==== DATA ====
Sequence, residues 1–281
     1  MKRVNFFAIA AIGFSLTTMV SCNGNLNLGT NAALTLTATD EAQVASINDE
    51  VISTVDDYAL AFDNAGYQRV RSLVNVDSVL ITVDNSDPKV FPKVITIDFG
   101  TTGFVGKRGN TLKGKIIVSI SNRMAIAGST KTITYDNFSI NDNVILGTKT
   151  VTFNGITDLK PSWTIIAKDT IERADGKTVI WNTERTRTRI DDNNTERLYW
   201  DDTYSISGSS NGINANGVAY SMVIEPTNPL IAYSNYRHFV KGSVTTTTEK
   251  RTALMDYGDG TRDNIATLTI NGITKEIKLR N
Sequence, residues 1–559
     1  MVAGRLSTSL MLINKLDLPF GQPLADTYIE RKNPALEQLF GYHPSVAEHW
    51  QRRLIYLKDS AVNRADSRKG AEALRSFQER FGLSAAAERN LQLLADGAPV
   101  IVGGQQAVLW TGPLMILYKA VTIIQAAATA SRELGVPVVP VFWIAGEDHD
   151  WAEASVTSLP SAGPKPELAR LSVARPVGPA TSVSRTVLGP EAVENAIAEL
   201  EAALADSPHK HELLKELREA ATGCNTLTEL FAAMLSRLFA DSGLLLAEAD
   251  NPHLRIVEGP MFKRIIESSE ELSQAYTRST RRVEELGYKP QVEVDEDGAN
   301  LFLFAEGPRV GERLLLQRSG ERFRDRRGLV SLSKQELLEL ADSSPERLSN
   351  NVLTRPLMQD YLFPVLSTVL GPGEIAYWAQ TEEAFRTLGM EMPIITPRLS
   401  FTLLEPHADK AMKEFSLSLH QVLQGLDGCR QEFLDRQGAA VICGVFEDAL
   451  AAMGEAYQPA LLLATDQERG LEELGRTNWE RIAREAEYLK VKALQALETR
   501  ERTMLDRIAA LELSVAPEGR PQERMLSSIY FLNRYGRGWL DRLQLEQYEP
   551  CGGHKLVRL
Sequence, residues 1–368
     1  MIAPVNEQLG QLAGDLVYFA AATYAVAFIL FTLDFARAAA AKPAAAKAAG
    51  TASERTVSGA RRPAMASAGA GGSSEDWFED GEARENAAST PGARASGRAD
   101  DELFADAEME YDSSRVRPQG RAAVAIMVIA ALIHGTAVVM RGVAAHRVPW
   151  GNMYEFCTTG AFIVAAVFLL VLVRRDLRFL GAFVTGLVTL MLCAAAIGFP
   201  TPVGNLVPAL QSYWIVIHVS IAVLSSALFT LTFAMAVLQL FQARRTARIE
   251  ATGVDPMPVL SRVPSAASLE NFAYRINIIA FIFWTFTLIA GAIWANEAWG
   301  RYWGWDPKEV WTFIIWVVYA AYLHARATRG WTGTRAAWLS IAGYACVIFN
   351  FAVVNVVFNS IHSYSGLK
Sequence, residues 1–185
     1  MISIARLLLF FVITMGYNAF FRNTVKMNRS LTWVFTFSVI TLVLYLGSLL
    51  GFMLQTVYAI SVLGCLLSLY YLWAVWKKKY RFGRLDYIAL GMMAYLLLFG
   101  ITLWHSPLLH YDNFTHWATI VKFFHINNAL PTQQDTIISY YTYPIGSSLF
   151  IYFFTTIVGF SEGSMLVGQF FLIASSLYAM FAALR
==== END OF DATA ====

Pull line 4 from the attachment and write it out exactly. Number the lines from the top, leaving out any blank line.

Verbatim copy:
   101  TTGFVGKRGN TLKGKIIVSI SNRMAIAGST KTITYDNFSI NDNVILGTKT